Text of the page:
Paramount Comics picked up Star Trek: Deep Space Nine in 1996, and the series ran until 1998. Although the Deep Space Nine series takes place during the show's fourth and fifth seasons—connecting it to Nog and the Star Trek: Starfleet Academy series — it continues stories from earlier seasons, as well. The best Star Trek comics allow creators to return to their favorite stories from the TV shows. And Deep SPace Nine does just that, with Lwaxana Troi, who already has a penchant for showing up when you least expect it.
On DS9, Lwaxana Troi made several memorable guest appearances in the series, with her first being 'The Forsaken,' in which the daughter of the Fifth House of Betazed, the holder of the Sacred Chalice of Rixx, and heir to the Holy Rings of Betazed gets a huge middle-school-sized crush on Odo. Unfortunately for the Constable (who does not understand the concepts the solids call 'love' yet), he is trapped in an elevator episode and a fantastic storyline ensues. The Lwaxana and Odo story is picked up again in the season three episode 'Fascination.' And then again, in Paramount Comics.
When the Holy Rings of Betazed of Surprise shows up in issue ten by Andy Mangels, Michael Martin, Terry Pallot, Al Milgrom, John Kalisz, and Chris Eliopoulos, she upends the whole promenade for her 'Wedding of Doom.' Not only does this series do a good job of bringing you into the wacky wartime world of Deeep Space Nine, it also delivers small lines that the most ardent Trekkie will love. Garak and the Doctor have a similar exchange to the one in Star Trek VI: Undiscovered Country, with Garak asking the Doctor if he's read Shakespeare in the Cardassian.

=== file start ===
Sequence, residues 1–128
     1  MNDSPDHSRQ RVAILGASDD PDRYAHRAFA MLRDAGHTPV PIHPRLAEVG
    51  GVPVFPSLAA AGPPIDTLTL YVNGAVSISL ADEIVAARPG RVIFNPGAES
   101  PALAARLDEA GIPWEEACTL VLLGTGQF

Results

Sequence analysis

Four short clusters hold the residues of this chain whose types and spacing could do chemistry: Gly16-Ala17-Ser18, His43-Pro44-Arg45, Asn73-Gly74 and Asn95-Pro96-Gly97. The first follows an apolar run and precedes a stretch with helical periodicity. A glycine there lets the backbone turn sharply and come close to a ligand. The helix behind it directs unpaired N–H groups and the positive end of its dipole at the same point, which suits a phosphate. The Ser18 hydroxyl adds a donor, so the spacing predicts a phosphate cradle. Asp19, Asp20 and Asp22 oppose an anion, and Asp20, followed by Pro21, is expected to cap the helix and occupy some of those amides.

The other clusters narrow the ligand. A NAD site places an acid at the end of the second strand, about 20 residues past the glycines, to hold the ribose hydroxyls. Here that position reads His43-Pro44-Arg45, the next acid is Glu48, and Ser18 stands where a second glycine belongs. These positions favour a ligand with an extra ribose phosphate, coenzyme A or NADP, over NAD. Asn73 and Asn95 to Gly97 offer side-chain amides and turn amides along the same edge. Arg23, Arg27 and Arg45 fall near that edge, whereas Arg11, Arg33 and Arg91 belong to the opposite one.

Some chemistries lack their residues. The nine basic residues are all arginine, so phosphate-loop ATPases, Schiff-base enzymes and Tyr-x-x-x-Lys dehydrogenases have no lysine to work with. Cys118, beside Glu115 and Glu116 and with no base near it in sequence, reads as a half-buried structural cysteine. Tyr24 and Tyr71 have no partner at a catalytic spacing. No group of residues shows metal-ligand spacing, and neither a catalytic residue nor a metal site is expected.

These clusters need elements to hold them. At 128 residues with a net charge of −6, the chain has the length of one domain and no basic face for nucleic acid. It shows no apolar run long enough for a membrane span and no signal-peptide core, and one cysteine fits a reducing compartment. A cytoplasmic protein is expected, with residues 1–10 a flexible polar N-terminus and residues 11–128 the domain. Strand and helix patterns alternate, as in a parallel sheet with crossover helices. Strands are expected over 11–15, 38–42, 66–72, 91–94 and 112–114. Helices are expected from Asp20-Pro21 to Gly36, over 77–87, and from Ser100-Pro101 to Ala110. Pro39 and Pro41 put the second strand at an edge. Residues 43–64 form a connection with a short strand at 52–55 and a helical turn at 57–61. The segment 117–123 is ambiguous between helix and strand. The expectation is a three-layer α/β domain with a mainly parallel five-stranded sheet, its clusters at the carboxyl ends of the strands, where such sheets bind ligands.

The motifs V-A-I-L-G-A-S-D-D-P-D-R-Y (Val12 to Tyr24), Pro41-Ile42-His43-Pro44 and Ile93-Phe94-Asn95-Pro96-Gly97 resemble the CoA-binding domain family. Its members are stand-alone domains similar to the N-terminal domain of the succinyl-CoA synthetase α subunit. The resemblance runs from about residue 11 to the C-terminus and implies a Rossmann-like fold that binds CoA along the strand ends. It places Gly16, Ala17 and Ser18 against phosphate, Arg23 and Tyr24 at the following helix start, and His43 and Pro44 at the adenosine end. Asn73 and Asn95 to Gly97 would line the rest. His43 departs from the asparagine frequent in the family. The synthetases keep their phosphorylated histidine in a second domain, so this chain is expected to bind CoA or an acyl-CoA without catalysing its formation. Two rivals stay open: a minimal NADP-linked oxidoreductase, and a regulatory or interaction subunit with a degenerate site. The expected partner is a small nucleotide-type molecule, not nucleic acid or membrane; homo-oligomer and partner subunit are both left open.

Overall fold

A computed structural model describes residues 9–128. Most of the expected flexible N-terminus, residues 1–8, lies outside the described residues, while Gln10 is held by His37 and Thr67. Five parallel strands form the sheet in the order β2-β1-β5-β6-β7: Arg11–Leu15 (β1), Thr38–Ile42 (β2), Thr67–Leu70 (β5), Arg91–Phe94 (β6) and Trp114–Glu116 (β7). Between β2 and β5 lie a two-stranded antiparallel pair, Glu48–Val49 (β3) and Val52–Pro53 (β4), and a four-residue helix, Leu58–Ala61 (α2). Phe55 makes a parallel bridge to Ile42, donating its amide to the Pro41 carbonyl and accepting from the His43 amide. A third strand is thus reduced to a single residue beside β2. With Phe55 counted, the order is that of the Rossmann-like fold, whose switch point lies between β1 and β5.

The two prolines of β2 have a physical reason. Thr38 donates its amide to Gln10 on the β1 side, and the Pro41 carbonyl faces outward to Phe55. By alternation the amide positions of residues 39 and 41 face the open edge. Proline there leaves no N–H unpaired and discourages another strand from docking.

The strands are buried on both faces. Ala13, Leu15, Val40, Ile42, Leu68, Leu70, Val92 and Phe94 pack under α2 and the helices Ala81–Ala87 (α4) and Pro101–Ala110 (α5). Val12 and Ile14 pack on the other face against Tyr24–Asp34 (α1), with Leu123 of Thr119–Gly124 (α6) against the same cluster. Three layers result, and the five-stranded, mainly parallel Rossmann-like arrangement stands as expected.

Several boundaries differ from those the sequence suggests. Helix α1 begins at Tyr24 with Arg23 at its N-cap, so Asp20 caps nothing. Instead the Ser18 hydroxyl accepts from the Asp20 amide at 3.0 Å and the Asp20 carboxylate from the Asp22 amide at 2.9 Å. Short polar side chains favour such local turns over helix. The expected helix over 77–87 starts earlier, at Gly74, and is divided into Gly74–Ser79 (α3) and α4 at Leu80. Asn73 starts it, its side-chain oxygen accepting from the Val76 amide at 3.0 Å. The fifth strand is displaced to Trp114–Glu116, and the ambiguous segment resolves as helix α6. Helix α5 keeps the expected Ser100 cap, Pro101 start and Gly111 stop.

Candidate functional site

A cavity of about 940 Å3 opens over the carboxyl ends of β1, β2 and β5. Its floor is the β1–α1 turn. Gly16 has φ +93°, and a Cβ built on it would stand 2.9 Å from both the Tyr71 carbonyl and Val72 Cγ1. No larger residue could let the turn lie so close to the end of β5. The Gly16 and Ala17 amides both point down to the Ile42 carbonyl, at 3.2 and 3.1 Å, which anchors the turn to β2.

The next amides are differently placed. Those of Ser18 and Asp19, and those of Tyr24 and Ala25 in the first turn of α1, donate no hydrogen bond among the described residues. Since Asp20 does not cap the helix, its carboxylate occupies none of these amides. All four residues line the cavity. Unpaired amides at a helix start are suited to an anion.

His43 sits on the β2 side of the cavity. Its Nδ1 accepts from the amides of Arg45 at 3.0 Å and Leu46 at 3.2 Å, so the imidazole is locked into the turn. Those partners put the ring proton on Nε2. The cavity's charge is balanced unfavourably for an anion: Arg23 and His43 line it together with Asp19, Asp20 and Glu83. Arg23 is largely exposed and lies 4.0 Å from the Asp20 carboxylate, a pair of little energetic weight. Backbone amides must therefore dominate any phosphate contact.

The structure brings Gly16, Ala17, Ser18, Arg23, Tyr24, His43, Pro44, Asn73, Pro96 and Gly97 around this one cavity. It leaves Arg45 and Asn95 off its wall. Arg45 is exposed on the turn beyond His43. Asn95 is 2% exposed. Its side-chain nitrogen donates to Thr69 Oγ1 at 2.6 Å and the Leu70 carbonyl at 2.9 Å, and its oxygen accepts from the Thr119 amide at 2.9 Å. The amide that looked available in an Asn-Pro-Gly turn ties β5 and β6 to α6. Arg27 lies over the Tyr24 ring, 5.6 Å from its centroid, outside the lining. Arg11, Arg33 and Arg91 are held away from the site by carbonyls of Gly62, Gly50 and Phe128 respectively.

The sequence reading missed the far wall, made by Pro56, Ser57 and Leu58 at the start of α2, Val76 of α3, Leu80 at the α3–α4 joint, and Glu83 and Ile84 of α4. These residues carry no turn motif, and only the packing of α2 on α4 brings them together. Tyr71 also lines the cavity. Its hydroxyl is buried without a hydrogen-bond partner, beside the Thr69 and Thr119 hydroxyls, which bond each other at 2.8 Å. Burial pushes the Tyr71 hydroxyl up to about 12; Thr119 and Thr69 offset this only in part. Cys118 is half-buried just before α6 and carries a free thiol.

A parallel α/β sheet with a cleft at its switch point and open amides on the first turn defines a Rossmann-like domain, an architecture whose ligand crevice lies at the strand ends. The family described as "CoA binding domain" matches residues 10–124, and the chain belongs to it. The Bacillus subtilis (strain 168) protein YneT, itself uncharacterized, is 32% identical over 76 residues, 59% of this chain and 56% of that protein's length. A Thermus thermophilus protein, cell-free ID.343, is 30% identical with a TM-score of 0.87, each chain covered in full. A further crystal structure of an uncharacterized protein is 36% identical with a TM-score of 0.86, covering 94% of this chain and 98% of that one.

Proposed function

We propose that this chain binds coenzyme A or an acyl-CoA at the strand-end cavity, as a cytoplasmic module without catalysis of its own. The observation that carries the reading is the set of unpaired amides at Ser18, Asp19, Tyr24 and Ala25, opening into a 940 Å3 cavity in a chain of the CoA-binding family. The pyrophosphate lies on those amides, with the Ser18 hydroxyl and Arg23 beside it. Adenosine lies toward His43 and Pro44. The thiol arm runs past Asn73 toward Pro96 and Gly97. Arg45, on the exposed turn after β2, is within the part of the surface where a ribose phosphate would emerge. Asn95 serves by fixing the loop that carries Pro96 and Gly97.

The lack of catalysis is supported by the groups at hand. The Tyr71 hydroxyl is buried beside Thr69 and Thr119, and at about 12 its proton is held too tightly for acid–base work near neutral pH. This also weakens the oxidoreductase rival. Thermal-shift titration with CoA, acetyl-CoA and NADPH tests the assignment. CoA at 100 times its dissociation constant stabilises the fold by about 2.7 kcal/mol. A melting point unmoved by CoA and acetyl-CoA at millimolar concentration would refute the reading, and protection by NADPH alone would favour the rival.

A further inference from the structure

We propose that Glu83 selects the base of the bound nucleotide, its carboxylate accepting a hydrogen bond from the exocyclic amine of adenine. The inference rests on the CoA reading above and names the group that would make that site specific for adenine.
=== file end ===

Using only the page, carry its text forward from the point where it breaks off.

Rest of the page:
Star Trek: The Next Generation/X-Men
Star Trek: The Next Generation/X-Men: Planet X by Michael Jan Friedman is the answer to franchise fatigue, am I right? Whether you're a Trekkie or a True Believer, thinking about Sir Patrick Stewart's Captain Picard meeting Sir Partick Stewart's Professor Charles Xavier just seems like a good time. So, of course, the eponymous crossover novel starring the X-Men and TNG bridge crew made the New York Times bestseller's list when it came out, leading to a follow-up Marvel Comics one-shot.
Yes, Planet X goes there (re: the two men's likeness), which is pretty impressive considering Friedman wrote the book in 1998. Picard even comments on the similarities between him and Professor X during a holodeck simulation, "As the doctor had warned him, he and the professor bore a passing resemblance."
With the success of Planet X, the two men finally had a chance to meet in the panels of a comic book. While Planet X took place in the Star Trek Universe, Star Trek: The Next Generation/X-Men: Second Contact by Dan Abnett, Ian Edington, Cary Nord, Scott Koblish, Liquid! and Chris Eliopoulos takes place on Earth in the '90s, where the crew of the Enterprise-E must locate Xavier's School for Gifted Youngsters. Always the ladies' man, Jean-Luc hits it off with Storm.
Star Trek: Strange New Worlds
No, this isn't an adaptation of the Paramount+ series. This happened years before, in comic books.
"Gary Mitchell was an ant, and I am a lion!" Created by John Byrne in 2013, the comic book Strange New Worlds uses imagery from The Original Series to tell the untold sequel to the second pilot, 'Where No Man Has Gone Before.' Yes, that means this Star Trek photonovel is all about the USS. Enterprise crew returning to Delta Vega, and Captain Kirk must confront his past demons Gary Mitchell.
The Strange New Worlds photonovel is essential reading if you love the Star Trek: Lower Decks episode 'Second Contact.' It's not the only comic to return to Delta Vega. But it's the only Gary Mitchell comic to use Gary Lockwood's likeness to explore the character's God-like abilities. Initially planned as a one-shot, SNW did well enough to lead to Byrne's ongoing photonovel series Star Trek: New Visions. The photonovels are perfect if you are craving new stories with the The Original Series bridge crew, mainly because Byrne uses images from the series to tell the stories.